VW reveals plans for another EV priced below the ID.2

According to a German media report, the all-electric VW ID.2 will start at less than €25,000 when it launches in 2025. And the carmaker allegedly has plans for an even cheaper EV, currently referred to as the ID.1, which could launch in 2027 and start at less than €20,000.

Automobilwoche spoke to VW brand boss Thomas Schäfer on the sidelines of the ID.2 premiere last week. “It should come as early as 2026, 2027, not at the end of the decade,” the manager says. He added that despite high battery costs, Volkswagen was already working on a concept for offering an EV in that price range.

“That’s the next challenge. We’re working on that,” Schäfer says. However, the base price of less than €20,000 seems to be one of the only development goals already set. VW is still examining several options, including (at least officially) a joint platform with another manufacturer. But Schäfer seems to think “that we can do it alone”.

If platform cooperation is still a possibility, it is thus not sure that the planned EV will sit on the MEB Entry, which is what the ID.2 is built on. And while the production location for the series version of the ID.2 has already been made public (Seat’s Martorell plant), Schäfer says the ID.1 could be built outside of Europe.

LFP batteries are likely

Schäfer did not give any further technical details – if there even are any at this point. The ID.2 shows how difficult VW’s goal is, for it, too, was to start below €20,000.

As leaked on the sidelines of the ID.2all’s presentation in Hamburg, the technical data mentioned (e.g. 450 kilometres WLTP range and a charging time from ten to 80 per cent in about 20 minutes) will have little to do with the variant available for €25,000. It would require a battery of around 60 kWh and constant 120 kW charging power. VW did not confirm the figures, but the large battery variant will allegedly use NMC cell technology. However, the €25,000 base model will be equipped with an unspecified LFP battery – the energy content is speculated to be around 40 kWh, but again, these figures have not been officially confirmed.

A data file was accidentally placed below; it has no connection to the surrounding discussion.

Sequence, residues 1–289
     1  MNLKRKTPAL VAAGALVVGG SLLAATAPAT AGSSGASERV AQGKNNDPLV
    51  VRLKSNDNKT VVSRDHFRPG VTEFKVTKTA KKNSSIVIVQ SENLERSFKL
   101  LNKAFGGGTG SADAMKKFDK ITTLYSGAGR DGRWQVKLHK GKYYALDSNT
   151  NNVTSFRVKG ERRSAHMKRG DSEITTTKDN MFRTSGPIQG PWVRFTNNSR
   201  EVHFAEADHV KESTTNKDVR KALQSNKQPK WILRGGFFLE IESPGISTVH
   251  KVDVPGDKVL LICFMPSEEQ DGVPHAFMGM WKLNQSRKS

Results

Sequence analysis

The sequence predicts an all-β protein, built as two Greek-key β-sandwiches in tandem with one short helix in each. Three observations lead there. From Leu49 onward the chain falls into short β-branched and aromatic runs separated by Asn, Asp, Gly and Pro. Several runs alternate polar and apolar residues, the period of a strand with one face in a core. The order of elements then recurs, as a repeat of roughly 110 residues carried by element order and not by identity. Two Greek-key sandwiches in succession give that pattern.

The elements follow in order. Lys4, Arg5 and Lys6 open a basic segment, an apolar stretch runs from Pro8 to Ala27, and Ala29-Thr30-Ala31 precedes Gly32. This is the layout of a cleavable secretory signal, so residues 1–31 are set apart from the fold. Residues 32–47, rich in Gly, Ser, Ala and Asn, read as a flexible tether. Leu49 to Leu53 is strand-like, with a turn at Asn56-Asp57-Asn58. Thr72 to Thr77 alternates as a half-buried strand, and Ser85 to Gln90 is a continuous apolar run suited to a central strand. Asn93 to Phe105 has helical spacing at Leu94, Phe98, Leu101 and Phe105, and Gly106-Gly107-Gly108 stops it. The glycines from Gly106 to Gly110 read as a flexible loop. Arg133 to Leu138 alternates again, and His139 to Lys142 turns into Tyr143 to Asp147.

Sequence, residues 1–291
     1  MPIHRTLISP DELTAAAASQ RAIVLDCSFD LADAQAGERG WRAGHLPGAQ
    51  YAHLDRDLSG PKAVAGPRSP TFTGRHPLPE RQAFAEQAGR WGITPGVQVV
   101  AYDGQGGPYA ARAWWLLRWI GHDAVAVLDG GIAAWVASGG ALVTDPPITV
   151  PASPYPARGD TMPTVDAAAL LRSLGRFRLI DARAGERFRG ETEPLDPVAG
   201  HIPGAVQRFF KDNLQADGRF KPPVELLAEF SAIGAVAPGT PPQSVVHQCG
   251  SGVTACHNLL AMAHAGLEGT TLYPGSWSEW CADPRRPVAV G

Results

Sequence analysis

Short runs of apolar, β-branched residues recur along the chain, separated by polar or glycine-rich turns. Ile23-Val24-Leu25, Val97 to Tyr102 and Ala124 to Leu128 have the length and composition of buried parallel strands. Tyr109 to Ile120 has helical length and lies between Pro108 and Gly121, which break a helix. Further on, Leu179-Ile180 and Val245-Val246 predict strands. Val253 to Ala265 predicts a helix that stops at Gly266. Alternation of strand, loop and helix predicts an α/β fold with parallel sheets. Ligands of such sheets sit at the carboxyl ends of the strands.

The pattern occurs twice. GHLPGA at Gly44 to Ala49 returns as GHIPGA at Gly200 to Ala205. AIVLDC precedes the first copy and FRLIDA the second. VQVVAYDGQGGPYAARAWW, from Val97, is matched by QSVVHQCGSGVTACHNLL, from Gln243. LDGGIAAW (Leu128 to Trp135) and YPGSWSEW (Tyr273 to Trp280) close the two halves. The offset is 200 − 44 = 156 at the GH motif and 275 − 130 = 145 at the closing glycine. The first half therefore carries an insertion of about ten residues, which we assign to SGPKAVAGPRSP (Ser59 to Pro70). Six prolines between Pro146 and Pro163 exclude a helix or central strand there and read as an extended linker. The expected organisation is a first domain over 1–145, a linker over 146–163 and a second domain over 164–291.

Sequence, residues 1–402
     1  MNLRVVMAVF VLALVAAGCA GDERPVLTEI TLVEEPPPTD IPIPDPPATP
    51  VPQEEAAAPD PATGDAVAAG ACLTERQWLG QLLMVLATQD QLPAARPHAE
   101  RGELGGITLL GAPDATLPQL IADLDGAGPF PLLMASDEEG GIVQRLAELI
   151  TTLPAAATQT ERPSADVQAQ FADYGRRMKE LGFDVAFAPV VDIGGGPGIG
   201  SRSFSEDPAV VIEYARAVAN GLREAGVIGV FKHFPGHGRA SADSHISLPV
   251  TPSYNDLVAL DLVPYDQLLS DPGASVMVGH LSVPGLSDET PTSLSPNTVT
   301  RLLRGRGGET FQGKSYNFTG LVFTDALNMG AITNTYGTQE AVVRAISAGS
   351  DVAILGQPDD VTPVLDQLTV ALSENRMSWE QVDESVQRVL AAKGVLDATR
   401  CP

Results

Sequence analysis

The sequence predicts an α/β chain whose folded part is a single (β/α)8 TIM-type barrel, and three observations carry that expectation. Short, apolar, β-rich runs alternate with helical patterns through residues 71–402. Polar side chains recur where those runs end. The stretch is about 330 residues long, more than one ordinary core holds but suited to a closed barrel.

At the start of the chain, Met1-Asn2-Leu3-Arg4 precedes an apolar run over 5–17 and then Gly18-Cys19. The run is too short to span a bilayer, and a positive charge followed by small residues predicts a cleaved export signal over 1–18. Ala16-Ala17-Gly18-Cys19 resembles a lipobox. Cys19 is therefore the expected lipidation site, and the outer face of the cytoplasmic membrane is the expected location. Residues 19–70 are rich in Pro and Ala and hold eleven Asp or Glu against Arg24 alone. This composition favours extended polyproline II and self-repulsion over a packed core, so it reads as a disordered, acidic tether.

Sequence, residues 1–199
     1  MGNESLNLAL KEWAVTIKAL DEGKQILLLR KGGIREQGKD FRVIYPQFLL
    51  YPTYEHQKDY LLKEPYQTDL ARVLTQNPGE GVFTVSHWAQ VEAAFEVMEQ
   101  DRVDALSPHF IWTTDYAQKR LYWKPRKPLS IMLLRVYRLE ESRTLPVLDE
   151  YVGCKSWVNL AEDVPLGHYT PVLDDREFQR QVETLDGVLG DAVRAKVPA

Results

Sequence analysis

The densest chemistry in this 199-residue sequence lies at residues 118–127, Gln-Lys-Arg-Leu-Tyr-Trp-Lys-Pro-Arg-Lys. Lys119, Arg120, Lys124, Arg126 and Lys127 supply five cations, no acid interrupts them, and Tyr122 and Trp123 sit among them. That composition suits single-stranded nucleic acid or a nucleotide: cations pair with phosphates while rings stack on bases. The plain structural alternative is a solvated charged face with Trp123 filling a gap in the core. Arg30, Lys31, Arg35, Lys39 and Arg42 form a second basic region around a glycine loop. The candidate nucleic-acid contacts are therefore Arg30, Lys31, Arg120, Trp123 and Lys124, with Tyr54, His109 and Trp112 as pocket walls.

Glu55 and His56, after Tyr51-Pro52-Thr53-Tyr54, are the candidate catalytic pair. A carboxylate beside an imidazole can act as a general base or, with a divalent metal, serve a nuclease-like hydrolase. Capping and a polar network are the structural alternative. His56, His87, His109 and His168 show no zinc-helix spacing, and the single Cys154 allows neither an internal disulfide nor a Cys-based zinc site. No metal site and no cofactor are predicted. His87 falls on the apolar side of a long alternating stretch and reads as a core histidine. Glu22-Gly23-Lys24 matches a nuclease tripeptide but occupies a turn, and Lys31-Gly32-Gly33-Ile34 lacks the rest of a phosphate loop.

Given the even tighter budget, VW will likely use LFP battery cells for the potential ID.1 base model as well. Whether the battery will also have a capacity of around 40 kWh is not known. Just for perspective: VW’s smallest electric car to date, the e-Up, now has a 36.8 kWh battery, of which 32.3 kWh is usable. However, this is using NCM622 cell chemistry.

VW plans 100,000 units per year per model

Schäfter left many questions about the ID.1 unanswered in his talk with Automobilwoche, but did go into specifics concerning the ID.2 family. For example, the Cupra Raval will be launched shortly before the ID.2. Both models will be built in Martorell, Spain. For a long time, a Skoda derivative was also expected, but that will come in a slightly different form.

The upcoming Skoda EV will not be a small car like the ID.2 and Raval, but a small electric SUV. As a result, the Skoda will be built at VW’s Pamplona plant in Spain, along with the SUV version of the ID.2. In alliance with speculations about a Tiguan-sized electric SUV produced in Wolfsburg, so far referred to as the ID.3 X, the VW model could consequently be called ID.2 X. All four EVs built in Spain could be equipped with battery cells from the VW Group’s Spanish battery factory – for which the groundbreaking ceremony took place last week. The electric motors for all models will, as reported, come from Hungary.

Surprisingly, Schäfer also named potential sales targets for the four models. “At least 100,000 should be enough to be profitable,” the VW brand boss said – and “of each of the four models.” However, Schäfer did not specify by when these 400,000 vehicles per year should be achieved.

automobilwoche.de (in German)


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